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Orbiting eternally

  1. May 13, 2015 #1
    Dear PF Forum,

    I have a question to ask,

    Can two celestial bodies orbiting each other eternally without external influence? Does this process need energy?

    Thanks for any answer

  2. jcsd
  3. May 13, 2015 #2


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    You've got the question a bit backwards: if two bodies are in a stable orbit it would require energy to get them to change
  4. May 13, 2015 #3
    Thanks Phinds for the answer, I remember you answer me about the shape of the universe with balloonanalogy. It's the best explanation I've ever got.
    So about this eternal orbit.
    Suppose the universe is open or flat, and the orbit doesn't change, what I want to know is, that it can orbit for trillion of years till the end of time? (if there is such thing as end of time in open/flat universe)

  5. May 13, 2015 #4


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    That's a reasonable question and I don't know for sure but since it would take energy to change the stable orbit, I see no reason why it wouldn't just go on forever. Basically, if it goes on for 1 second with no change (and I mean NO change, not just no measurable change) then it should go on forever absent the application of any new force.

    I'm not an expert in celestial mechanics and it's possible that there is some reason that orbits decay with time. I know that satellite orbits decay with time but I think that's because they are not in a simple 2-body relationship with the Earth.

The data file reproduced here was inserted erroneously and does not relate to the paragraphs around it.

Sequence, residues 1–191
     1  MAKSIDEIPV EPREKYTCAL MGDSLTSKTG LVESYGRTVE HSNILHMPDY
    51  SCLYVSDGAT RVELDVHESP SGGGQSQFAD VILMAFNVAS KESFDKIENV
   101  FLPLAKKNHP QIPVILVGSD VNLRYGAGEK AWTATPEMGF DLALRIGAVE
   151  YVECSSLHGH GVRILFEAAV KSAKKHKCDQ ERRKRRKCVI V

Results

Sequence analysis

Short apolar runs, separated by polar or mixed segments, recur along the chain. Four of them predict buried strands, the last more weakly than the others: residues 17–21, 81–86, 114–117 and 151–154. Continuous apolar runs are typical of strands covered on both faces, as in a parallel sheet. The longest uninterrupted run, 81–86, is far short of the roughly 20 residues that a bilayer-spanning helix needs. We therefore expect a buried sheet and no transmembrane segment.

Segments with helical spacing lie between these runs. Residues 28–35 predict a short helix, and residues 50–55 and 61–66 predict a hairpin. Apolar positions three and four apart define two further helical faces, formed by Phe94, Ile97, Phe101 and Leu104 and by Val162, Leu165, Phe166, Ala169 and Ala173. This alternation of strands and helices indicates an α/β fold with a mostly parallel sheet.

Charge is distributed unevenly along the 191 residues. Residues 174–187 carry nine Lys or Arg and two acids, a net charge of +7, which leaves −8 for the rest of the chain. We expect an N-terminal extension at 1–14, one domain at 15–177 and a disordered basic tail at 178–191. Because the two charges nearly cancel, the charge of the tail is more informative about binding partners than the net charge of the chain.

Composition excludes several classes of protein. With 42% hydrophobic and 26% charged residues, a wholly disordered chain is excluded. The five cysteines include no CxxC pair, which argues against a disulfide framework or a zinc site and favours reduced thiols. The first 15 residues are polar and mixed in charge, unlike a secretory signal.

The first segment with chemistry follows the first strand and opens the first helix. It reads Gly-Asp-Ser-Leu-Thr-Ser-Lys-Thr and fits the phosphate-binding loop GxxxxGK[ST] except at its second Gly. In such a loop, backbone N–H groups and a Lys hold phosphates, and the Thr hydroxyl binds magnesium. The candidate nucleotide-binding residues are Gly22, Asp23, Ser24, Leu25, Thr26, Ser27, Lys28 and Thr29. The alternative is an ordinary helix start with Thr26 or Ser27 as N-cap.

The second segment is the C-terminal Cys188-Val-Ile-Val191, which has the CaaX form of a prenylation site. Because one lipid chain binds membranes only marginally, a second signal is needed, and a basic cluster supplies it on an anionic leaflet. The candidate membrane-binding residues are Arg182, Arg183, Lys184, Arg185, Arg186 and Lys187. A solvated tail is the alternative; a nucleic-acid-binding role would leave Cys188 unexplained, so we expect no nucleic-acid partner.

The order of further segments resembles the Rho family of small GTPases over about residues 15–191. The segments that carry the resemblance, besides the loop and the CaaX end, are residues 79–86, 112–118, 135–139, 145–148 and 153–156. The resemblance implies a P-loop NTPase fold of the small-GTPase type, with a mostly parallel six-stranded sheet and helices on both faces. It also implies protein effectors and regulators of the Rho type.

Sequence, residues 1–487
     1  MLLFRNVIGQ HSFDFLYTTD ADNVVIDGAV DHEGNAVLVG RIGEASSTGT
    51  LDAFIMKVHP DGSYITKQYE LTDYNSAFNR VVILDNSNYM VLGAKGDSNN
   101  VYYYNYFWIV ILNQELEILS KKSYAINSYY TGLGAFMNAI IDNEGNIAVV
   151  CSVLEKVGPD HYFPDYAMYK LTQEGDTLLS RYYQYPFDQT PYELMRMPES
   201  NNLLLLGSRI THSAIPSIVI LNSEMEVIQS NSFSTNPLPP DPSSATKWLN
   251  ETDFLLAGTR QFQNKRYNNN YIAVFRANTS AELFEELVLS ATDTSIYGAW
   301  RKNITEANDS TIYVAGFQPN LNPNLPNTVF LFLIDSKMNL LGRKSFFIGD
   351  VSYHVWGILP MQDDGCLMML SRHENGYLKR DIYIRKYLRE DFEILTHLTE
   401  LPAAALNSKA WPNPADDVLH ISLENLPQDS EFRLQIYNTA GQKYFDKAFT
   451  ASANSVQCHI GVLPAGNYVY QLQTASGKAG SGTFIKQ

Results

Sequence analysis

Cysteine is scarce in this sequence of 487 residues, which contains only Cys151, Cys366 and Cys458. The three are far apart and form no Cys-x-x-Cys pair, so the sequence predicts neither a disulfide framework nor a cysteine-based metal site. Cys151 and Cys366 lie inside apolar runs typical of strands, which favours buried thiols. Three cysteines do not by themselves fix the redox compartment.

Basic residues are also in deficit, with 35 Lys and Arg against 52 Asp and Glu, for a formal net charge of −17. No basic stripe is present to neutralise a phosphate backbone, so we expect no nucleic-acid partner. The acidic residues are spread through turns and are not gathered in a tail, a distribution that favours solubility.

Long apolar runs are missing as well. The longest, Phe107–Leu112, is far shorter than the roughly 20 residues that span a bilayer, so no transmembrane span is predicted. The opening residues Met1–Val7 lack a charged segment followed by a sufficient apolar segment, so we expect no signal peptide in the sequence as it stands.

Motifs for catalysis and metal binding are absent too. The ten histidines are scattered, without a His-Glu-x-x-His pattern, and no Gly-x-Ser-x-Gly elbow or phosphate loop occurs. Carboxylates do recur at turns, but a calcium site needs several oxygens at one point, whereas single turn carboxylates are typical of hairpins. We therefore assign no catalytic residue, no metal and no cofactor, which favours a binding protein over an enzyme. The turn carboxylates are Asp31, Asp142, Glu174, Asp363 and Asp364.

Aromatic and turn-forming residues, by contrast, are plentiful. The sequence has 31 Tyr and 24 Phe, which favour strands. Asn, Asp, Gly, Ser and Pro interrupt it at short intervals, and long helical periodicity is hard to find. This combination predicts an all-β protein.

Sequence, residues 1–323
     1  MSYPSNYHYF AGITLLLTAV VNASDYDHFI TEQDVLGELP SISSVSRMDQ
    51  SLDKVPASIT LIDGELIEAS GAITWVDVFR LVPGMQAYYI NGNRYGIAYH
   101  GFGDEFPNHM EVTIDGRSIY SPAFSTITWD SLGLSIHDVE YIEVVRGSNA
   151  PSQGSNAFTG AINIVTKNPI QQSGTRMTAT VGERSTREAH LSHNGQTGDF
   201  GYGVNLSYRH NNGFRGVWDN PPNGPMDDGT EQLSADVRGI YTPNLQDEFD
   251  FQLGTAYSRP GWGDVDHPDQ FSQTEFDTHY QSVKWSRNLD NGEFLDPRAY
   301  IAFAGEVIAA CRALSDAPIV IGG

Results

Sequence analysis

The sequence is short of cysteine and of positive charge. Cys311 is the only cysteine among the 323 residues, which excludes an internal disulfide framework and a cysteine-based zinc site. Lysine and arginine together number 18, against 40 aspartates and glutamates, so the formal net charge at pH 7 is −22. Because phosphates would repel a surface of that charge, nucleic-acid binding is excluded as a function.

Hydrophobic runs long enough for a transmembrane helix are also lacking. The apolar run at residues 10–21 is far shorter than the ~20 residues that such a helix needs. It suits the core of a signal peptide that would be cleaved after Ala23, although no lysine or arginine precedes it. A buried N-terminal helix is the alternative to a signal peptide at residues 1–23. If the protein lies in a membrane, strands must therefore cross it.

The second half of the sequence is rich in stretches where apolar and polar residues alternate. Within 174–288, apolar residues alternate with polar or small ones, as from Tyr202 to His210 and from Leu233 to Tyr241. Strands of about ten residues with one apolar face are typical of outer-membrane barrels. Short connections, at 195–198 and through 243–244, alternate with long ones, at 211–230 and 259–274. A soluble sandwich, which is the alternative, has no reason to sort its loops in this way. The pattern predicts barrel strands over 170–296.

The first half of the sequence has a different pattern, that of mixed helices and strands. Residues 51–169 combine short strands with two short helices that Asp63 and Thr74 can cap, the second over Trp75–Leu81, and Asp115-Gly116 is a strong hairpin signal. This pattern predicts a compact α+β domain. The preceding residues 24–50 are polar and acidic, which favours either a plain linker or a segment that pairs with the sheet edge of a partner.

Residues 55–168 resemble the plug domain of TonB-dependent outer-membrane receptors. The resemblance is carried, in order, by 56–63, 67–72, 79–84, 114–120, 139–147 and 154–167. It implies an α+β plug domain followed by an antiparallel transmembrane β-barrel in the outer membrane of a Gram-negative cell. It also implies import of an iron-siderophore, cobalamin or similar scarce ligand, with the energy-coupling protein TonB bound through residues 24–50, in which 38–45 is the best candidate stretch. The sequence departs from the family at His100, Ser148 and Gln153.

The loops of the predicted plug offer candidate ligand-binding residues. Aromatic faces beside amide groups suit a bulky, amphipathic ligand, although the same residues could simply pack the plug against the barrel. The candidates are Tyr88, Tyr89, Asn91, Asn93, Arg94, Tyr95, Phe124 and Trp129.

6. May 13, 2015 #5
    Yeah, Phinds. The earth, mars altough it's far away, sun, earth ocean tides, etc can cause satellite orbits decay.

    Thanks for the answer though
  7. May 13, 2015 #6


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    In addition to the above..

    If the bodies are very massive and orbit close together they should emit gravitational waves and this lost energy can cause them to move closer together until they collide.



    ..calculates that for ...

    Two Neutron stars... "the gravitational radiation from them would be 1.38×10^28 watts, which is about 100 times more than the Sun's electromagnetic radiation".

    For the earth sun system..."only 200 joules per second [200W] is lost through gravitational radiation, leading to a decay in the orbit by about 1×10^−15 meters per day or roughly the diameter of a proton. At this rate, it would take the Earth approximately 1×10^13 times more than the current age of the Universe to spiral onto the Sun".

    So it's significant for Neutron stars but not most planets.
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